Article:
Innovation, Life Hacks, On Writing

We need digital citizens

Photo by http://www.flickr.com/photos/smemon/
Photo by http://www.flickr.com/photos/smemon/

It seems like every day you hear a story on the radio about iPads being furnished to high school kids or read a piece about kids and selfies. There seems to be much less discussion about the effort to reach young people about being digital citizens and all of the rights, privileges, and responsibilities inherent in that statement.

What does it mean to be truly aware of your “digital exhaust” and understand how you’re viewed by your peers, parents, and community? I think we ought to be teaching kids about human behavior – why people do what they do – and about Internet safety and security, with a modicum of old-fashioned civics and an awareness of “the public square”.

The Kids These Days…

Why do people do what they do? If you’re a 30- or 40-something digital immigrant, you might be wondering why the kids these days take so many self-portraits (selfies). It’s a form of self-expression, or vanity, and sharing. And it’s the same thing we would have done if we had a camera with us all of the time when we were 15 that could broadcast information to anywhere on the planet. How powerful, and how human.

What do other people see?

When you’re a teen you also think you’re invulnerable as well, so you might brazenly ignore any questions about safety and security. We need to be teaching our kids the basics of white-hat hacking, or understanding how to find information, so that they get that anything they post online is essentially public.A great example that might resonate with them is to tell them, “would you want to tell 50 friends at school about this?” The answer might surprise you, and them, and start a larger conversation.

The larger conversation we should all be having about our online (and offline) identities is the meaning and pursuit of digital citizenship. What does it mean today to interact with information on and offline? What is your duty and responsibility to learn and write different points of view? And how do you search for “truth” in a world where there are many truths that claim to be objectively true?

On Interacting with the Larger World, and the People You Know

Let’s start with an idea: the sum of your digital citizenship is the way you are perceived online and in real life. If you don’t realize the portrait you are painting, take the time to find out. And if you don’t like the results, it’s time to decide how you’d like to appear in the digital public square and build habits and actions that get you there. (And ask your friends and parents and peers how you’re doing).

Agile Marketing, Innovation, Product Thoughts, Startup

Now, generate 100 ideas

iguanadon

When I was in drawing class in college, my professor asked us to make 100 drawings. “Why would we want to make throwaway drawings?” we asked. The answer he gave stuck with me: “because you don’t know which ones are the good ones until you look back.”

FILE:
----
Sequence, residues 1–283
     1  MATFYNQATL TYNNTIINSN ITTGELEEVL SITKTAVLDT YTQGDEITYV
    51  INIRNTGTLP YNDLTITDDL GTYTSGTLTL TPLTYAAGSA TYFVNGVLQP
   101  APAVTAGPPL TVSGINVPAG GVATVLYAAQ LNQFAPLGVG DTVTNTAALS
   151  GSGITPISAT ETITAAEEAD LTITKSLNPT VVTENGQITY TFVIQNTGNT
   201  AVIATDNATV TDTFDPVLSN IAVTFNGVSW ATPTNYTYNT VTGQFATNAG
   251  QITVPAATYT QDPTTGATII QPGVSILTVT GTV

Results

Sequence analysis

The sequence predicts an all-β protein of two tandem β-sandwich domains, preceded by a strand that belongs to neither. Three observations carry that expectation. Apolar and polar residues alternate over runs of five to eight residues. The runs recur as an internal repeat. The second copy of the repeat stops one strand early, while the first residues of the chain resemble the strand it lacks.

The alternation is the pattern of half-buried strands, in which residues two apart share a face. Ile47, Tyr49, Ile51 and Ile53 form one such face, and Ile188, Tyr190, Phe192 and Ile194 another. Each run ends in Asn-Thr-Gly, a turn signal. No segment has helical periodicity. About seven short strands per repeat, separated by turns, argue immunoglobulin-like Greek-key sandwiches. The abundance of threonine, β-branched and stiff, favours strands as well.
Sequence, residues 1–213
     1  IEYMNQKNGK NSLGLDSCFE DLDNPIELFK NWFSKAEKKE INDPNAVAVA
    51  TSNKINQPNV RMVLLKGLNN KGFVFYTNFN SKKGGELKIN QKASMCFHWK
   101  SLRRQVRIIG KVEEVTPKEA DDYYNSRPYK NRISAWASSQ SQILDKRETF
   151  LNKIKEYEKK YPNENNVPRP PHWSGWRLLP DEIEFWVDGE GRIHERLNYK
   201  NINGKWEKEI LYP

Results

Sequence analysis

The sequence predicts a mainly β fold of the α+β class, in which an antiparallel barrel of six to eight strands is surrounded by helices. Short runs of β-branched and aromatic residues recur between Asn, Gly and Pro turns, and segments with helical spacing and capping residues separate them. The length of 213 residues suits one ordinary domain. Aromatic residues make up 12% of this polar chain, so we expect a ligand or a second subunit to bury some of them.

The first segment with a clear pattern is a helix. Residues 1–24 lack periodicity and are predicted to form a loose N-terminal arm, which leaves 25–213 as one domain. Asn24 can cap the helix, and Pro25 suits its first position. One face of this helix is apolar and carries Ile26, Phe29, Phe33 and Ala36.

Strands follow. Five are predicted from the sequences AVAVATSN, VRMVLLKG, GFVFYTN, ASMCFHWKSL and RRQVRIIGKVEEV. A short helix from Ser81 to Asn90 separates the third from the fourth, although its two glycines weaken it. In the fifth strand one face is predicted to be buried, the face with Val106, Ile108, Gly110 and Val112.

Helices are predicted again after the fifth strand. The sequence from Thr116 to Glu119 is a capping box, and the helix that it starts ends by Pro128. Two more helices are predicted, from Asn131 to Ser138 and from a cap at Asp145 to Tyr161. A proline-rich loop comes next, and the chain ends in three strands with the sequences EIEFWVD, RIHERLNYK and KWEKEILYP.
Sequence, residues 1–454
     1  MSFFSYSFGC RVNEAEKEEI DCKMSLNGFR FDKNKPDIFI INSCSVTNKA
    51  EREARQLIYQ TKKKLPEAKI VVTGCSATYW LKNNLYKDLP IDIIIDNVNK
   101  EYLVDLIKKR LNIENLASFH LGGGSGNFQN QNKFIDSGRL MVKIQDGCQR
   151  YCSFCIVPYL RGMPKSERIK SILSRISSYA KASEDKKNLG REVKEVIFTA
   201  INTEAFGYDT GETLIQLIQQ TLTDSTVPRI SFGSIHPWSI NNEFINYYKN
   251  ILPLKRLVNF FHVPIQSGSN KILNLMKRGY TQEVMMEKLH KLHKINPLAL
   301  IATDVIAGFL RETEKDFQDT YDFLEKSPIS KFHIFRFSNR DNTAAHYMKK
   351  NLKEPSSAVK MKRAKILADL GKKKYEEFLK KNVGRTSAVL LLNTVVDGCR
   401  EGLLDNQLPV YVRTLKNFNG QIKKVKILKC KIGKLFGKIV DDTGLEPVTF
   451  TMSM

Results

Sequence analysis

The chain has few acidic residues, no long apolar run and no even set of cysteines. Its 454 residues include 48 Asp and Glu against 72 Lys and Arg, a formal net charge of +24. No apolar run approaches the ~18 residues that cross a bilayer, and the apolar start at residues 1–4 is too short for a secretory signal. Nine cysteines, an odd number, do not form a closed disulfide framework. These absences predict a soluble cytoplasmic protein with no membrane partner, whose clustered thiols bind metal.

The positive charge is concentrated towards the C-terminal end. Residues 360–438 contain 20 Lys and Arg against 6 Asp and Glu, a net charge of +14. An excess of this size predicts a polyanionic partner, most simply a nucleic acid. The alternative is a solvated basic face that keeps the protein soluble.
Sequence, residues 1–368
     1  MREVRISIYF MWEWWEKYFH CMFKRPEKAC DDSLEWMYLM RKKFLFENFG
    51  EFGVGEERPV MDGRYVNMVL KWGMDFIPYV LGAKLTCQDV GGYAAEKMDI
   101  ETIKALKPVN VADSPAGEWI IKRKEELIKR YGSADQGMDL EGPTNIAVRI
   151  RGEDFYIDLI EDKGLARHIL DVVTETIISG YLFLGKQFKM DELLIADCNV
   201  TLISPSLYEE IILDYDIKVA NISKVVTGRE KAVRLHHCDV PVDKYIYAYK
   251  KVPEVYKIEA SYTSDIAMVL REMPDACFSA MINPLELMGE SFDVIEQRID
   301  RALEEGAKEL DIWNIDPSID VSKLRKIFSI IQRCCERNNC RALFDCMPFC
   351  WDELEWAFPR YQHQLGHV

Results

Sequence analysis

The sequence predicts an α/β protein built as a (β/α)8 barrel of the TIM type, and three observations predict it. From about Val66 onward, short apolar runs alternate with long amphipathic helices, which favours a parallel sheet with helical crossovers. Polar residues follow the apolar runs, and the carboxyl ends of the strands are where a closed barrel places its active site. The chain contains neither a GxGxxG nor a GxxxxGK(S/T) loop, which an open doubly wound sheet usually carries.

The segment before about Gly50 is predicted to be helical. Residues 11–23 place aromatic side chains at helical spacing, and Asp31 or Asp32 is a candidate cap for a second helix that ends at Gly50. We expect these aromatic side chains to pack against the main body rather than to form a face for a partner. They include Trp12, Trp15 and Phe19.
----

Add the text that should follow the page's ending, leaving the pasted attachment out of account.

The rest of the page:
A similar problem affects idea generation – which ones are any good? If you start with a framework for generating the ideas, then develop a criteria for evaluating and filtering them, and finally create a measurement or objective outcome to see the results, you have a pretty interesting idea funnel. Don’t worry just yet whether the ideas are any good: just make more.

The first step is to make a lot of ideas. In e my experience, a throwaway method is best: whiteboard, post it note, or freehand list. Because I am very visual I need to see the idea rather than just type it out. So the first step is to fill a whiteboard 😉

After you generate the ideas, sorting them and filtering them is a lot easier with a tool. Some people like more post-it’s and a physical Agile board. I like using a spreadsheet for this purpose because it’s easy to sort and move the data around.

Finally when you stack rank the list of ideas, it’s time to figure out what you want to get our of them, how you will instrument that progress, and how you will measure your success.

Some of your ideas will be lousy, and some will be quite good – just remember to generate enough of them so that the process kicks into play. You won’t be able to get a great idea with five candidates, but there are probably five great ideas candidates in your list of 100.

Agile, Innovation, Life Hacks, Startup

The next product wave will be invisible

This might seem strange, but in my experience some of the best products I depend on are invisible. What do I mean by invisible? I mean that I give then access to information and they provide value with no work on my part.

“Set it and forget it” apps or services are the most obvious version of this trend and start with news alerts. It’s super valuable to find out when there’s news about a friend (Newsle) or if there’s a recall on something that I bought (Slice) or news about a company or keyword (Talkwalker).

The next level of complexity for invisible apps is the ability to provide value and time saving even if you are not actively telling them what to do. my favorite example of this is Sanebox – it filters email into likely groups with almost no effort on my part. Among newer apps Google Now looks like a new and powerful predictive service based on this idea (watch what you do, provide relevant actions, learn from actions).

It would really cool to extend this invisible app quality along with the ability to learn to make “recipes” that get smarter over time. The folks at IFTTT have used this approach to combine “channels” (e.g. Instagram) with “actions” (e.g. Upload to Flickr) to create time-saving automatic procedures. So what’s next?

The next version of invisible products will observe, record, and recommend “best practices”. These products will make predictive recommendations based on where and when you are. Invisible products will also provide collaborative filtering for these “best practices” to help you know what recipes people like and what recipes actually improve performance. And these recipes will form a continuous improvement input for people using wearable devices.

Does this sound futuristic? Maybe. Now put on your 2005 hat and ask how many people would check their email, video chat and message for free, and otherwise create an entire industry disconnected from the PC. The next wave will be invisible.